Whether you are single or married, you are only on this earth for a short time. Have a sense of urgency. Use the time you have for God’s glory—using each segment of time (season of life, TDY/TAD, deployment, time between PCS moves) to make God and His Word heard, seen, and felt by those around you. Go love your neighbor in a way that is unique to you.
CHILDREN ARE A BLESSING
Scripture declares that children are a blessing from God (Psalm 127), and that God’s normative work on earth is accomplished through the offspring of His people (Genesis 17:7; Acts 2:39). God alone opens and closes the womb (Genesis 30:2, 22; 1 Samuel 1:6, 19; Psalm 139:13; Luke 1:13; John 9:1-3). Being willing to have children and trust God with all His rich provision is putting faith into action.
Obey what the Holy Spirit teaches you in Scripture about what it means to desire a fruitful marriage, and do not be anxious that they have been brought into a military family in which there are frequent moves, long hours, and deployments. Those things will be good for them as God develops the character of children in the context of your military life.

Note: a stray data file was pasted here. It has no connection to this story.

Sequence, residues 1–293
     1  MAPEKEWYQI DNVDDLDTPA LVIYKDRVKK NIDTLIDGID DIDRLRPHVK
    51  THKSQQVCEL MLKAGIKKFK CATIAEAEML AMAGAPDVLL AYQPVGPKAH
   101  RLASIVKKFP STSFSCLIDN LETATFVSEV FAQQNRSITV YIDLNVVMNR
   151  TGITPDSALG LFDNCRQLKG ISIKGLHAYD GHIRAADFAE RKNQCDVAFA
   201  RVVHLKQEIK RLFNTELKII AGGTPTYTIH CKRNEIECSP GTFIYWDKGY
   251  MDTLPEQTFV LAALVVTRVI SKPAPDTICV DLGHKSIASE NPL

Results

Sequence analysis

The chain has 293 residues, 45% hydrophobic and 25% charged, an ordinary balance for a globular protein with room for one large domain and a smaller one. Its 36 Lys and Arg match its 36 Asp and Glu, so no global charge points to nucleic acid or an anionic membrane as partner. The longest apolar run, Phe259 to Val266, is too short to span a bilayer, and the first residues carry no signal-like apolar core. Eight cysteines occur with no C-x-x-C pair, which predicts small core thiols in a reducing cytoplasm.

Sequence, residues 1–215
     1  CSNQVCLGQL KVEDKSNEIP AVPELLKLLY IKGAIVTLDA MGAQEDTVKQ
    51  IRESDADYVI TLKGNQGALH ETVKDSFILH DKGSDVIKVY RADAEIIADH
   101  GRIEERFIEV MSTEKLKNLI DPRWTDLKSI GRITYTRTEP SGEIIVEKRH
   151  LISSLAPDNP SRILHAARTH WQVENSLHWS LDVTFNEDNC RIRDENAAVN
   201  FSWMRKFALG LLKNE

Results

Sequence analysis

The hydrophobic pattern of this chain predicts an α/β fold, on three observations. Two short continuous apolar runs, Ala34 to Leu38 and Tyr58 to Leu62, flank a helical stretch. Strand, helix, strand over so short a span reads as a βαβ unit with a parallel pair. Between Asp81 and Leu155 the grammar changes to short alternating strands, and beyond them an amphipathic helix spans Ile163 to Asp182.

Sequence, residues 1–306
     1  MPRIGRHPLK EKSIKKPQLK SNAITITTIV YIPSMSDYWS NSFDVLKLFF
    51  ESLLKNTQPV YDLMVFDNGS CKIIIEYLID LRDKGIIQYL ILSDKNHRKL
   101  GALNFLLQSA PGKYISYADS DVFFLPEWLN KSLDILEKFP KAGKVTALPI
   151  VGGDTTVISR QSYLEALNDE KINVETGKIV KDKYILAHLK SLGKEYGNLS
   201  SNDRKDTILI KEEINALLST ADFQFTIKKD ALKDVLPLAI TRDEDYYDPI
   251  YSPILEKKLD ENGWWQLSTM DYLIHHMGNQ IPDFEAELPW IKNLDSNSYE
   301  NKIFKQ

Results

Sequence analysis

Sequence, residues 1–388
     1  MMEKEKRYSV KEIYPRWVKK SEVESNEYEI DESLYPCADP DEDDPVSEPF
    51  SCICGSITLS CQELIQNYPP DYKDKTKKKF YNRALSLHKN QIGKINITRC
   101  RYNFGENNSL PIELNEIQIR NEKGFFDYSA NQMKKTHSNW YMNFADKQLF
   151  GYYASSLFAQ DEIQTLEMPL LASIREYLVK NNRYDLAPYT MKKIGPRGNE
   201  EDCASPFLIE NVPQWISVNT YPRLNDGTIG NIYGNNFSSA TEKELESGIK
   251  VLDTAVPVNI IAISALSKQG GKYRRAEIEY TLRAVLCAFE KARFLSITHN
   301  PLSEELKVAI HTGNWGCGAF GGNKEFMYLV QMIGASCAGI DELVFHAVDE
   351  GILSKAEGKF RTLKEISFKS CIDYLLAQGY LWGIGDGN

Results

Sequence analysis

Life in the military is tougher on some marriages and families than others, but we can generalize and say that military service requires adaptation that isn’t found in some other careers. Military duty often results in long duty days, separation, dangerous deployments, or similar experiences for you or your family. Knowing that you are obeying the Lord as completely as possible, and with a clear conscience, will be a comfort that helps sustain you through long days, deployments, and other trials.
These times of personal and relational testing will look different for every generation of uniformed military professionals, yet there remains a camaraderie among the generations, because military life has always been tough on individuals, marriages, and families.
Help children find joy in learning the language, customs, and courtesies of military life as they live within the culture where God has placed you. You can help them find meaningful fulfillment as members of the big-picture purpose God is accomplishing through your family (1 Timothy 3:4-5). This way of thinking is useful whenever your family becomes involved in the work of the church.
Seek to have your whole family involved in whatever the Lord sends you to do. Dual military couples might spend more time than others working to discern what to volunteer for, how long both might stay in the military, and how to use their various gifts to serve the military society.